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In previous entries, I discussed the primary functionality of the assessment system; the ability to collect information through components described as assessment instruments of which there are three varieties: Capture Hours, Attendance, and the most common, Standard. Besides the basic report that simply displays the standard instrument’s submission. One of the more popular reports in the old system was the instrument aggregate reports.
The instrument aggregate reports were an instrument-specific report that simply displayed the # of responses associated with a rubric choice for each indicator for a specific instrument. This report was generated based on either the academic year or academic term and a choice to view reports for responses on students for a specific program or all programs or a combination of both. Additionally, the percentage of responses to a specific indicator’s rubric choice was also available to better represent which rubric choices held the majority of responses.
Using this information, users can determine how large groups of students in specific programs for specific terms are scoring on specific indicators for a specific instrument. However, in the old system, since the structure of the instrument was different from instrument to instrument and each instrument had its own database table for its responses; each instrument also had its own aggregate report in its own source file that hard-coded the structure of the instrument to display with the report.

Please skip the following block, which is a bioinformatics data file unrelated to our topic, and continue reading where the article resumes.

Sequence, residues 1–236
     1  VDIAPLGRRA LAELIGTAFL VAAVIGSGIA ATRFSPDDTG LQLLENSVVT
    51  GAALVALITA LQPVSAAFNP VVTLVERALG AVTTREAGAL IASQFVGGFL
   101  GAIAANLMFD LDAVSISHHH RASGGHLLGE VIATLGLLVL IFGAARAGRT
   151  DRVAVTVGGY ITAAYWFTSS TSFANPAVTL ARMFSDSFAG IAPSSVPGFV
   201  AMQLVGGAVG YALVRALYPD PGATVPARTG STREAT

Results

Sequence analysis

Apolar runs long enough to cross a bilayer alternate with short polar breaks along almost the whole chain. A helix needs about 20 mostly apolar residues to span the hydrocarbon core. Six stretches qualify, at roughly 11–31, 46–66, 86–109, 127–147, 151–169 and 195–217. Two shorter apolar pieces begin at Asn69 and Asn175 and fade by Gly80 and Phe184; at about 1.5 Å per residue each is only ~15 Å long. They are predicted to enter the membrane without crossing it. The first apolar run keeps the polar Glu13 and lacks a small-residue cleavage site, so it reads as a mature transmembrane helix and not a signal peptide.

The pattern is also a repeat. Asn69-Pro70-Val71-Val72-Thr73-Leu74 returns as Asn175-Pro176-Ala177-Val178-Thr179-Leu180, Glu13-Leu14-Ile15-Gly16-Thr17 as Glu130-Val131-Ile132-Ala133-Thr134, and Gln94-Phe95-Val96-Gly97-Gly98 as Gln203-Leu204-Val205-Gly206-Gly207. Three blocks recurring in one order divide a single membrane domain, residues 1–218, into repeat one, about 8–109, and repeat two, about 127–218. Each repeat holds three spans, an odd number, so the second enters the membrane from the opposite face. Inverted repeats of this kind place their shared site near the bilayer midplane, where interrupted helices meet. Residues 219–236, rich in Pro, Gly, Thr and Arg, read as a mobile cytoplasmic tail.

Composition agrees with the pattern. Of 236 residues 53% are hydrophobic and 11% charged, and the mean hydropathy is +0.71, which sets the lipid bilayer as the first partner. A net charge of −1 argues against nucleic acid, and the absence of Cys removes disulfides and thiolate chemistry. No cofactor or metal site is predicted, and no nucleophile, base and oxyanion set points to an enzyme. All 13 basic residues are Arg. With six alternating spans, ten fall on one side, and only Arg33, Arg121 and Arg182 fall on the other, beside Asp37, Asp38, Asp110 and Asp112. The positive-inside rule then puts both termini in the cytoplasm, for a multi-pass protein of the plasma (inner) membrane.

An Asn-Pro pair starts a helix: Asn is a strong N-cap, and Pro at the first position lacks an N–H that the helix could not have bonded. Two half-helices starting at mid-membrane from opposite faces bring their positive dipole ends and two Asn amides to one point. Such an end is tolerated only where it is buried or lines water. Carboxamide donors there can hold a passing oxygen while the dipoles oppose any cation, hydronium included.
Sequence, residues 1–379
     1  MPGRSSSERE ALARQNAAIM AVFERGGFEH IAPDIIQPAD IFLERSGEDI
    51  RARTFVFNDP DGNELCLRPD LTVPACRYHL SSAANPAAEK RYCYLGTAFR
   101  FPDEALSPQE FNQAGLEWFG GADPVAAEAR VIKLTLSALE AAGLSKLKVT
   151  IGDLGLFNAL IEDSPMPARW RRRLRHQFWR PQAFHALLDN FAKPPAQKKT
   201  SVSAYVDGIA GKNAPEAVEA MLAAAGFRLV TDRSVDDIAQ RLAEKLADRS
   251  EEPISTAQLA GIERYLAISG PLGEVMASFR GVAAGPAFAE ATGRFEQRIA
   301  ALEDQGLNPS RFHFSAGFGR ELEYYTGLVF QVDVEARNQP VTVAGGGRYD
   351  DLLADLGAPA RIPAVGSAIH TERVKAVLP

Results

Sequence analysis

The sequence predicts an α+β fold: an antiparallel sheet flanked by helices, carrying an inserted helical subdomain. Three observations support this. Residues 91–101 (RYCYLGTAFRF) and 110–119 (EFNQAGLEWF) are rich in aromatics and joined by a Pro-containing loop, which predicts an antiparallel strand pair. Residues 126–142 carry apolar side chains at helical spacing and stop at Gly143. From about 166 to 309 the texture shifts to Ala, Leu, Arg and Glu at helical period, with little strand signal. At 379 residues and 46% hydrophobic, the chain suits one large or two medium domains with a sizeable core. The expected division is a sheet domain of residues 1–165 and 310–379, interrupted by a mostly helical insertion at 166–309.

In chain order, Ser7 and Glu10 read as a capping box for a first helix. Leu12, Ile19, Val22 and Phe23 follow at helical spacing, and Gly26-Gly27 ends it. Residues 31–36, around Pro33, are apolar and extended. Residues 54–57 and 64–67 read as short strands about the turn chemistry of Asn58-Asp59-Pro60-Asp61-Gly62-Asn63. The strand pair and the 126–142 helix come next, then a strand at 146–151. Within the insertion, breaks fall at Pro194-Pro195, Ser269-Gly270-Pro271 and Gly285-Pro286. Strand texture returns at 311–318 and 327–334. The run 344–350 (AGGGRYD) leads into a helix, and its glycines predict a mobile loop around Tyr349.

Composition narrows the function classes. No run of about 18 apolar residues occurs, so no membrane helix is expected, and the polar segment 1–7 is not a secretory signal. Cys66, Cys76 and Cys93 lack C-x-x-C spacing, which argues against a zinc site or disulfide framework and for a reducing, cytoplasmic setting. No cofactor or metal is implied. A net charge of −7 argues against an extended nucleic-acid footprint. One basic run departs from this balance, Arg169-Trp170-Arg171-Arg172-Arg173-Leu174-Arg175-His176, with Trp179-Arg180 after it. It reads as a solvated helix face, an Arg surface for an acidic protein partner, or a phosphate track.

Also, these reports simply worked with Rubric type indicators with discrete rubric choices and did not include any Select or Number type components (as discussed in earlier entries when detailing the generalized structure of the Standard Instrument).
Once again, my plan was to make the following changes:
Make the report more robust. Given the way that I structured the response data in the new system. I wanted to expand upon the limited term, academic year, and program criteria for generating reports.
This new report would give the user more options to deduce trends and make credible judgments on the aggregate collection of data from various standard instruments. Adding a drill-down ability would add another layer allowing the user the ability to investigate the individual responses for a specific indicator based on the response value of that indicator. Additionally, the user could also view the overall performance on an instrument in relationship to those submissions where a specific response value was received for an indicator.
And best yet, there would be no need for a technical developer to add to the source of the system just to accommodate a newly created standard instrument.
This post is about the project, DREAM
An online electronic assessment system for the purpose of collecting assessment data regarding student teachers and counselors throughout their collegiate career. The system also electronically facilitates a large number of other institutional processes in an effective manner.
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